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Organizations may be able to restrict membership under legislation

13 Feb , 2013  

Legislation passed recently by both houses of the General Assembly would allow political and religious groups at public colleges to restrict membership to people who are “committed” to that organization’s mission. 

The potential law was crafted to ensure that political groups don’t have to accept members from another party and so religious organizations can “expect that their leadership will share the group’s core commitments,” said Sen. Mark Obenshain, R-Harrisonburg, sponsor of the Senate bill.

“It’s pretty simple: A Democratic club shouldn’t have to accept a Republican as a member and members of a religious group should be able to expect that their leadership will share the group’s core commitments,” Obenshain said.

The Senate passed its version of the legislation, Senate Bill 1074, on Feb. 5 with a vote 22 to 18. A similar bill in the House of Delegates, House Bill 1617, passed the week before with a vote of 80 to 19.

Critics of the legislation worry the bills are an attempt to let campus groups discriminate against minorities, gays and others. Such groups often receive funding from the public colleges where they reside.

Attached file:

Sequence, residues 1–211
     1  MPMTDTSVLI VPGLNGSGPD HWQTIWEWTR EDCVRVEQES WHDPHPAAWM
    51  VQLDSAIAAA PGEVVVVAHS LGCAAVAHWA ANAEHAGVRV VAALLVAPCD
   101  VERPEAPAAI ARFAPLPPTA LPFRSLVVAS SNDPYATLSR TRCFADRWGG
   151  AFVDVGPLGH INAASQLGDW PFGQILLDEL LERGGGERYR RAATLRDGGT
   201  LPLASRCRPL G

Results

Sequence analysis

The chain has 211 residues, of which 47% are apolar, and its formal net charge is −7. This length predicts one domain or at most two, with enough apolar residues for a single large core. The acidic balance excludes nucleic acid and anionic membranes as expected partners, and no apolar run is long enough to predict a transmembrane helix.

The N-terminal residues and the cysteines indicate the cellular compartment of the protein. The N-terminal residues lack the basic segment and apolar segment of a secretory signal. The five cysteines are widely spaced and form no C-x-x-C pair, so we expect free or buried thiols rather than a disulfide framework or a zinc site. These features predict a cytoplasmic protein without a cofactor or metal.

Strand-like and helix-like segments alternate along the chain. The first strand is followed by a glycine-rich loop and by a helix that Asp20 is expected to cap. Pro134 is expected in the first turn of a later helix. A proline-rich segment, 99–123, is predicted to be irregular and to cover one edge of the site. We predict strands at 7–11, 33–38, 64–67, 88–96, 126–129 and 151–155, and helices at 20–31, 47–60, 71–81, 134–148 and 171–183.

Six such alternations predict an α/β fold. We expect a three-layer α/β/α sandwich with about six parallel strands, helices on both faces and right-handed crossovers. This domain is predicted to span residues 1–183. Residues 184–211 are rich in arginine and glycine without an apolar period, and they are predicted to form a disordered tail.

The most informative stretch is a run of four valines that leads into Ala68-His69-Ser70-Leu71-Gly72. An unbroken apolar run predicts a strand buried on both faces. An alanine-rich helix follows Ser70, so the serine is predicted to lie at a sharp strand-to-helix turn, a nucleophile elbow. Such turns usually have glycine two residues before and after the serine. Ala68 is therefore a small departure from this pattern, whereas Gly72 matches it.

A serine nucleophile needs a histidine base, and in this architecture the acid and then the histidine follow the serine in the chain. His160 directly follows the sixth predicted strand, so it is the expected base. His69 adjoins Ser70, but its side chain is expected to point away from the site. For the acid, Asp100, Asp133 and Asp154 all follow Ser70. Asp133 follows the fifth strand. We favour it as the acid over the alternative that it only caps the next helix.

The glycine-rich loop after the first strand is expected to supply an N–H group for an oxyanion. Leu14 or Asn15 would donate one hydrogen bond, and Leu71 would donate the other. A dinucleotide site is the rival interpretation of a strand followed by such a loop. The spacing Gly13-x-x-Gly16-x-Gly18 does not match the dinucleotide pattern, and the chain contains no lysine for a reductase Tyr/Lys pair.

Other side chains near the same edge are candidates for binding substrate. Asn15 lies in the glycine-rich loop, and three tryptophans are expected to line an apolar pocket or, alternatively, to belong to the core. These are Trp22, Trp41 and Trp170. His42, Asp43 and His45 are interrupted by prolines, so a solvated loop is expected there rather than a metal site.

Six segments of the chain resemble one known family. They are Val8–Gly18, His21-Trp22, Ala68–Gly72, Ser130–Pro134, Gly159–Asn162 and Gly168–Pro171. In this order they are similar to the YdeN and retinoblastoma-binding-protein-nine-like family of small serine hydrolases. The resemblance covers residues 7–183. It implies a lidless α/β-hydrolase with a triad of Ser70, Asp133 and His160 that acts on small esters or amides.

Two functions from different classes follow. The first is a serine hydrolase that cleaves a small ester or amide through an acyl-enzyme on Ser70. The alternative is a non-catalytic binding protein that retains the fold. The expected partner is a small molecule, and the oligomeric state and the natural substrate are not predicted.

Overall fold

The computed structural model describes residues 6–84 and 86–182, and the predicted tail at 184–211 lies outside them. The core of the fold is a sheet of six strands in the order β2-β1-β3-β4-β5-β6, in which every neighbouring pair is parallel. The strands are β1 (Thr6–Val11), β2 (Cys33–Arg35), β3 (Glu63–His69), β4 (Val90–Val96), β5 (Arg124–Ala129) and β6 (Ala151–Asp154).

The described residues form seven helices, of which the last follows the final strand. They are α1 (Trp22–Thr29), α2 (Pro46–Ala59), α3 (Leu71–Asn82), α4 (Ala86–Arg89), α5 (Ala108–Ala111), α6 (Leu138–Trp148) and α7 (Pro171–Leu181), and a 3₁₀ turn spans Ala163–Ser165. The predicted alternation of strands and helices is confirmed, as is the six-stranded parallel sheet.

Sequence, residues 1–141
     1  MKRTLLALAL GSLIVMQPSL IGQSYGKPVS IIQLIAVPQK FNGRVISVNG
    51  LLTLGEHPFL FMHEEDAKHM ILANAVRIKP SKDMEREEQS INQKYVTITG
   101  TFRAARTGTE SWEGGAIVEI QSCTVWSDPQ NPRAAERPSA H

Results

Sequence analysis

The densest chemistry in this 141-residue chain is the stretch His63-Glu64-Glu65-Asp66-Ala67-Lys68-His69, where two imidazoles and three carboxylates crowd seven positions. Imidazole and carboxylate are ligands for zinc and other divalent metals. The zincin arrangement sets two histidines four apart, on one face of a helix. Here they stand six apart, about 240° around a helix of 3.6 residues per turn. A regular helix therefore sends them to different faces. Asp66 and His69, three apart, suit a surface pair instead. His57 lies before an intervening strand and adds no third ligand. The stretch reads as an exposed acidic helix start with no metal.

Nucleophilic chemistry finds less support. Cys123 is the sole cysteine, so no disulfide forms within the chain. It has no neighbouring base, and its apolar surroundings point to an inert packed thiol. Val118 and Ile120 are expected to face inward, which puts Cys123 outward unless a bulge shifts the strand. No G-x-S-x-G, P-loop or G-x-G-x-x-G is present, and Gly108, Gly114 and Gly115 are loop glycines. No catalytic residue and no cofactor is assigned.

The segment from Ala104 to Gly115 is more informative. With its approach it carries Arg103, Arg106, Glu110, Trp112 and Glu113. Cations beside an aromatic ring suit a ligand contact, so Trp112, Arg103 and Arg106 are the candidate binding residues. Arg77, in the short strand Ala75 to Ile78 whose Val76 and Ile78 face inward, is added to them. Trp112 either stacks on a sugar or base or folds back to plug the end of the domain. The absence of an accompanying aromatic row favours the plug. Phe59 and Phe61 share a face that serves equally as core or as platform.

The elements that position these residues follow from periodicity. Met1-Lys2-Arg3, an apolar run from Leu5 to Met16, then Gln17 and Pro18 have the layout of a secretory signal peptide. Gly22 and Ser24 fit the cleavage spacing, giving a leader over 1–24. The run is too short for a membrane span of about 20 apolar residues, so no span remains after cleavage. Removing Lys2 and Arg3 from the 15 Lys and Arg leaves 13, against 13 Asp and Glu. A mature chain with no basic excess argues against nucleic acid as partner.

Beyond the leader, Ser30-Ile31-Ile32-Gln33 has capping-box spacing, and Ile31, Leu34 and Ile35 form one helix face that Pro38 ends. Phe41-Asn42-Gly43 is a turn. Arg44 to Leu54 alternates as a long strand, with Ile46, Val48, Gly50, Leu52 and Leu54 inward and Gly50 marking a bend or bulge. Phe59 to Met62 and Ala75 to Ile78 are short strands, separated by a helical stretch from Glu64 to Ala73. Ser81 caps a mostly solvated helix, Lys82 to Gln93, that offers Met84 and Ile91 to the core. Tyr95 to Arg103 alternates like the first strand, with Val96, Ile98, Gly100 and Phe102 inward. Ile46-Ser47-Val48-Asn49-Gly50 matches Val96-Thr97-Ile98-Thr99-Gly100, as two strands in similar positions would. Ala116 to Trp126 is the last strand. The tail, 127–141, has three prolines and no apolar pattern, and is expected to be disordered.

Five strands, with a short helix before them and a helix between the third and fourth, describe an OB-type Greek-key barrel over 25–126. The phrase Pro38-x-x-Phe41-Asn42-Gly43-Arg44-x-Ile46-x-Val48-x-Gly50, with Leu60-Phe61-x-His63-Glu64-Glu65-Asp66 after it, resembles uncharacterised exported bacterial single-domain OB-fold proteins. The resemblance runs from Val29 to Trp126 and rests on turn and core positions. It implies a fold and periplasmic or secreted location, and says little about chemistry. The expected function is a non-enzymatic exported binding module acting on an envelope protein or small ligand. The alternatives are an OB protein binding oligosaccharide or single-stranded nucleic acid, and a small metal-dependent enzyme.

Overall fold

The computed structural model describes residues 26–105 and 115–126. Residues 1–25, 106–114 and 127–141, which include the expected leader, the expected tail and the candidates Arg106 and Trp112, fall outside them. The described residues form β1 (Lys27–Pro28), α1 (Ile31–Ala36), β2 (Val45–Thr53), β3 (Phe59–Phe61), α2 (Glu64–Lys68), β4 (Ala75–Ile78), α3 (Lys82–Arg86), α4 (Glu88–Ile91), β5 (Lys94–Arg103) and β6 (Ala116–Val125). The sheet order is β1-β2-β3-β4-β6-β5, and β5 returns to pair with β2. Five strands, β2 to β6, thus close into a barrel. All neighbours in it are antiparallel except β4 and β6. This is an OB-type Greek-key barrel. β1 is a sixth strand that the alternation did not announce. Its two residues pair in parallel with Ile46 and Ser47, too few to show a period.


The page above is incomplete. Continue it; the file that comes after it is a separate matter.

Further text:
Beth Tipton, director and campus minister of the Wesley Foundation at UVa-Wise, said the legislation wouldn’t affect her Methodist organization.

“The Wesley campus ministry welcomes all persons regardless of any church affiliation,” she said, though she noted that students in leadership positions at Wesley are required to be Christian.

“I do not think the legislation will impact the Wesley group on our campus, but I do suspect some campus ministry groups will utilize the legislation to limit membership to those who agree with their religious values,” Tipton said.

Gov. Bob McDonnell has not indicated whether he approve the legislation.


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